Nolledo, who is also the president of listed consumer tech firm Xurpas Incorporated, shared that he chose the start-ups based on their ability or potential to expand quickly and internationally from a very early stage.
“Events like Elevation Pitch 2 helps the people behind start-ups increase their chances of executing on their vision because suddenly you match them with very successful business owners and entrepreneurs who can not only provide them with capital but also access to their networks,” he explained.
Aside from venture capitalists and businessmen, a notable presence at the event was Philippine Stock Exchange President Hans Sicat, who was invited to encourage founders to consider publicly listing their firms as an option for getting funding.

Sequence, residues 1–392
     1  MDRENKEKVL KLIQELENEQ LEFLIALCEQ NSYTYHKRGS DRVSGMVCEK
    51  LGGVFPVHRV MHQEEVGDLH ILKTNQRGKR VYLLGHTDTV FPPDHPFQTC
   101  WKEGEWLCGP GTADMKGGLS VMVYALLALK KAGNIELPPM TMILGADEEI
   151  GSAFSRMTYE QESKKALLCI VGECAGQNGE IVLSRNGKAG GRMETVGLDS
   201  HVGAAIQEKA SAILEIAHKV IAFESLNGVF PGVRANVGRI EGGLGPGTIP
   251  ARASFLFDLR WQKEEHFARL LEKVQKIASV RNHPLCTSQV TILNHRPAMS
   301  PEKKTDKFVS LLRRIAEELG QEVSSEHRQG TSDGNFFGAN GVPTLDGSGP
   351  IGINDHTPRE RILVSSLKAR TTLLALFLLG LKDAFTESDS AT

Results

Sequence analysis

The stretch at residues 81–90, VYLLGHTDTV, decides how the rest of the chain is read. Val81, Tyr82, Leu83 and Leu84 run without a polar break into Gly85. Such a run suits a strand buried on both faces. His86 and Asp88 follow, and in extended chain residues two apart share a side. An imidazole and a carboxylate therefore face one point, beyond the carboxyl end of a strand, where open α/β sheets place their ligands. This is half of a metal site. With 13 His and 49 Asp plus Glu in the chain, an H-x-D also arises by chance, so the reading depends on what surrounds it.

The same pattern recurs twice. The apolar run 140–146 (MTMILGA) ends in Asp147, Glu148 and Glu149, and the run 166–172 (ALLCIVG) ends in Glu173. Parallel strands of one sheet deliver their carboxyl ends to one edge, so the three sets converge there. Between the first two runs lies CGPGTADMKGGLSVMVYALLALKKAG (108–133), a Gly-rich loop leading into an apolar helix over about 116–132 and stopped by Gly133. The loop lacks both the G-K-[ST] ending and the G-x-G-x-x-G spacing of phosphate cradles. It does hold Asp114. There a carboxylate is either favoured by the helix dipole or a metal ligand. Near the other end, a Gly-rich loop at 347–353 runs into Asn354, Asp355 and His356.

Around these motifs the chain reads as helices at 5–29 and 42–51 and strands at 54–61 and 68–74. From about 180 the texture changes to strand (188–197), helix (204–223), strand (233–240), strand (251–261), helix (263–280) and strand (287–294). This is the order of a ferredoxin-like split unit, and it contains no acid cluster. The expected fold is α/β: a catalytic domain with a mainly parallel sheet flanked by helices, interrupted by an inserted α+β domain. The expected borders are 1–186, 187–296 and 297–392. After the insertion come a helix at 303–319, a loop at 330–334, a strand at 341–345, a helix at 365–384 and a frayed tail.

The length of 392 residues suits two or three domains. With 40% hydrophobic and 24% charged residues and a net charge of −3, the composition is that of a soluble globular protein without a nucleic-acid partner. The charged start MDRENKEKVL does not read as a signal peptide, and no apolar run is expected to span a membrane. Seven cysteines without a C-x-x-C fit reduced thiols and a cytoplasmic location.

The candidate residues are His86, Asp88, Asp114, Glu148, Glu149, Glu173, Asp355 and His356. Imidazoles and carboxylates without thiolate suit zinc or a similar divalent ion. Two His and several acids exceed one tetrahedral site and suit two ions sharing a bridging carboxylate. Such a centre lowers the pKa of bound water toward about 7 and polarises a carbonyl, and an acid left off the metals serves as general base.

The PSE head’s presence was notable as although SMEs and startups account for 99.7% of total registered business with the Security and Exchange Commission (SEC), only 3 firms classified as SMEs are listed among the 263 listed firms on the exchange.
“We want the PSE to be part of the entrepreneur’s menu of capital as part of their game plan,” Sicat said.
The PSE has also been making an effort in recent times to encourage SMEs and the younger crowd to participate. (READ: PSE: Market ripe for more SME listing)
One particularly successful avenue to connect with a younger demographic has been retail trading.
“What we’ve done over the past year is put up a facility wherein the PSE is actually a sponsor of a web-based products for web-based trading and access,” Sicat shared.
Basically, it makes it easy for users to access the market and trade using mobile phones and computers.